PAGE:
Lovely to welcome you to the first issue of Nerdful Mind. You will receive a weekly curation of articles around mindfulness, neuroscience, and software engineering principles.
For me, all three areas are closely tied together. Mindfulness leads to us being in the present moment, more compassionate, and ultimately more content. Software engineering is a social activity. Code is the algorithmic description of a problem, and we communicate our mental model of this problem with our coworkers via this code. Therefore, if we understand better how our brains work, we can improve the way others understand our algorithmic model. Finally, some general software engineering principles emerged over the past years and decades. In this newsletter, I want to take a closer look at what these principles are and how we can practically apply them to our projects.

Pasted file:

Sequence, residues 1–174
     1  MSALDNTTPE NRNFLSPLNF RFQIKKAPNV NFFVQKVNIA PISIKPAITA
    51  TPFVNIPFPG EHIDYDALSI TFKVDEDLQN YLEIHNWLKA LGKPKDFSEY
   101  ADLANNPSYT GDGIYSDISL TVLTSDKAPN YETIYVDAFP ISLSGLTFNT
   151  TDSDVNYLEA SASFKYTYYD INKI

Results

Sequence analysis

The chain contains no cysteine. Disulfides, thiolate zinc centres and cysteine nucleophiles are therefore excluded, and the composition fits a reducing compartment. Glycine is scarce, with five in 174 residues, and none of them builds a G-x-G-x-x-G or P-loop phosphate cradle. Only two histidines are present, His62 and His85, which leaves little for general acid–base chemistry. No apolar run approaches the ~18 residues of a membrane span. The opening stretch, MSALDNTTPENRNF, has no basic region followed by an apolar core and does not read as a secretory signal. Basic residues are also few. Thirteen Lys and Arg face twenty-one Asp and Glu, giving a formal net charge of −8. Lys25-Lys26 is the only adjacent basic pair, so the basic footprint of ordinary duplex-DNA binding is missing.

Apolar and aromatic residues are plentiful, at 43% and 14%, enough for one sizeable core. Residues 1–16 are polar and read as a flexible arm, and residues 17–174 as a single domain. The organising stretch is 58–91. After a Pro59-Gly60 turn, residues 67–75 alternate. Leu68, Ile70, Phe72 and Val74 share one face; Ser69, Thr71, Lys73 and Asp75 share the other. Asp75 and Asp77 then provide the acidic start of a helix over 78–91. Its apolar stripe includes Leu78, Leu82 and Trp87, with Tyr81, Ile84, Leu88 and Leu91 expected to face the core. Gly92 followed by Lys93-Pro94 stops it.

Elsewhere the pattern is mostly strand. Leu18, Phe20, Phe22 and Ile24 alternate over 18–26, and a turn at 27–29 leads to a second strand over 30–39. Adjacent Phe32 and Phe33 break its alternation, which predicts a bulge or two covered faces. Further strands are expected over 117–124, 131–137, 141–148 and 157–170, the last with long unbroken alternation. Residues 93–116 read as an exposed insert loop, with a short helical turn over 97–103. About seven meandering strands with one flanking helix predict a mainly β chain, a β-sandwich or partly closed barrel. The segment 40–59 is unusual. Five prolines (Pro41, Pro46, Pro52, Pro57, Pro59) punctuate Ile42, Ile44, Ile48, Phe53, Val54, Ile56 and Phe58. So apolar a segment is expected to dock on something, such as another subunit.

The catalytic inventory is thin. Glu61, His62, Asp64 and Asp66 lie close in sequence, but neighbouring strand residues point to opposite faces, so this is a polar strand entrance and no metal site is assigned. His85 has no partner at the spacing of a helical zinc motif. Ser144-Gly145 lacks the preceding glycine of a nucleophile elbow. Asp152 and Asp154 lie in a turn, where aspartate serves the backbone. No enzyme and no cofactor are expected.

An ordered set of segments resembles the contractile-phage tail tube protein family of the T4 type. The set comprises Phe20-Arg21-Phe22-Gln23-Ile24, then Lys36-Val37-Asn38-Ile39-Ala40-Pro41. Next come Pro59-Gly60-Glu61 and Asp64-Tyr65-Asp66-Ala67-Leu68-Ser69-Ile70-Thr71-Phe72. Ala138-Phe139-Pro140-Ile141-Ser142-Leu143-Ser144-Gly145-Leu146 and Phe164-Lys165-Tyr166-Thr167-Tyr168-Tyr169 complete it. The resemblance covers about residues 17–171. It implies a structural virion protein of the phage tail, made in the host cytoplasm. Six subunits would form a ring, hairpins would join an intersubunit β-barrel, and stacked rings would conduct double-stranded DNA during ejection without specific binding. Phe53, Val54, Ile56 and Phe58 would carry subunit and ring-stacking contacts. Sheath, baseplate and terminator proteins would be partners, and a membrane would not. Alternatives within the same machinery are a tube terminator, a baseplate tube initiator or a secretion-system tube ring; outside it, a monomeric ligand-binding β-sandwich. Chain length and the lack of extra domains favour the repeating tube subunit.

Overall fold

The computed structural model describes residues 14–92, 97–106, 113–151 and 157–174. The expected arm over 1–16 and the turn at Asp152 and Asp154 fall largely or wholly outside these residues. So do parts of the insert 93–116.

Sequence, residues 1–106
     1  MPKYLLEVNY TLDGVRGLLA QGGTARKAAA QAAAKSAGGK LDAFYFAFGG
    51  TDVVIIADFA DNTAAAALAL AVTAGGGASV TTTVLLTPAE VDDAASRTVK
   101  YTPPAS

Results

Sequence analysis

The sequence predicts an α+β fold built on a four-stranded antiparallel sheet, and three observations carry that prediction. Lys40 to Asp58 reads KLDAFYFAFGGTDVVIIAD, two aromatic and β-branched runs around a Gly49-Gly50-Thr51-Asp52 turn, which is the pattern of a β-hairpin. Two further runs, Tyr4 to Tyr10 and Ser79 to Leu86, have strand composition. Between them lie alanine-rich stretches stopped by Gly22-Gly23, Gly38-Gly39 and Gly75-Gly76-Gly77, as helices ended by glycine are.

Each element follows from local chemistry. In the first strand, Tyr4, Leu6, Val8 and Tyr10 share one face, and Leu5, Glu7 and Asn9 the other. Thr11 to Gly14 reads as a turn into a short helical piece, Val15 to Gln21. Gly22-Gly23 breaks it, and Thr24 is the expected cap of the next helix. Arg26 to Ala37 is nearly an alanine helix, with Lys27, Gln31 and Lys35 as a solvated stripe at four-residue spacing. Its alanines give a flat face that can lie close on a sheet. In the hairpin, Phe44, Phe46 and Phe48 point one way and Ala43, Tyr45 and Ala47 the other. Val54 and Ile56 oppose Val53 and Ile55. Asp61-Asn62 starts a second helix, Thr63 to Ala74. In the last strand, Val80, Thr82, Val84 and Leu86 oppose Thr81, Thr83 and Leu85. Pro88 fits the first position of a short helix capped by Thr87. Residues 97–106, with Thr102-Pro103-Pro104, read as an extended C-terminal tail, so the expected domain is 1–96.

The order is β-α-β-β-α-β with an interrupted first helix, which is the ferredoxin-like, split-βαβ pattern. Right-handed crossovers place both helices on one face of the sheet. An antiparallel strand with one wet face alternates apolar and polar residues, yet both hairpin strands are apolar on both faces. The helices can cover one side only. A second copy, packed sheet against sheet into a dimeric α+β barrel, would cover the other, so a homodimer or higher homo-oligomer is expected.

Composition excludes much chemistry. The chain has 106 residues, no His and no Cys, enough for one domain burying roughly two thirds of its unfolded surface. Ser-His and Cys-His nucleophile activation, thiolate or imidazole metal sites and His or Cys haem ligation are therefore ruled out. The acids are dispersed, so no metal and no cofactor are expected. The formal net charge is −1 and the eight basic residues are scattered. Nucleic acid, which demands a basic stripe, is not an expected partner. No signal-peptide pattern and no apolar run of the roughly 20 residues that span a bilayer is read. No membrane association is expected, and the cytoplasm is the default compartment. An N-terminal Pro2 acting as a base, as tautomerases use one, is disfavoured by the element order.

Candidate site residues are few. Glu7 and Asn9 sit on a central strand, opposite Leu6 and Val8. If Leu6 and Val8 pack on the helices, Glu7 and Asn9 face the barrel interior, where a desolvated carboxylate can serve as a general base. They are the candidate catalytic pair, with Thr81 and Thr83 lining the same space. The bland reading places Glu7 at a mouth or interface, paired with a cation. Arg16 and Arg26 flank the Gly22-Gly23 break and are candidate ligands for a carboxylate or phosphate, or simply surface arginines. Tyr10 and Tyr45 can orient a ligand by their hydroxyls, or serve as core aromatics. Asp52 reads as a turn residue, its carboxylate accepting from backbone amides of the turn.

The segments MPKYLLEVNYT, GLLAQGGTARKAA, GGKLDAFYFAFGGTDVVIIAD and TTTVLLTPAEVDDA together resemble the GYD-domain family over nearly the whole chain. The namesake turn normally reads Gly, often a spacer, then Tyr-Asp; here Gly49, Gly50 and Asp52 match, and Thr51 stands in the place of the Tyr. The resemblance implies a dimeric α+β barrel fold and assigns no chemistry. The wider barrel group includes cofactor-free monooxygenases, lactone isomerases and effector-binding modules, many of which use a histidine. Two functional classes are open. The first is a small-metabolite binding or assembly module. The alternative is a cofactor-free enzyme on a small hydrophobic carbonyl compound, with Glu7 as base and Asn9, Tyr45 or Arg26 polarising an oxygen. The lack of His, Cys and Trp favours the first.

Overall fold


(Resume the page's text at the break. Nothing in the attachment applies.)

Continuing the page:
Why code might not be the best way to share our mental problem models with our peers, and how visualising Go programs might help us with this.
Differences between deep neural networks and human perception | MIT NewsMIT researchers have discovered that invariances in image and speech learned by neural networks are different from the invariances learned by human perceptual systems. Stimuli that sound or look like gibberish to humans are indistinguishable from naturalistic stimuli to deep networks.
Advnaced software is always an abstraction of our more complex world. And to achieve certain things, there always must be complexity somewhere in the program. As programmers we often move complexity from one part of the program to another, but to produce understandable and maintainable software we need to be aware where to put the complexity.
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Have a great week
P.S.: If you found an article you think others might like and that fits this newsletter, I'd love it if you write me an email.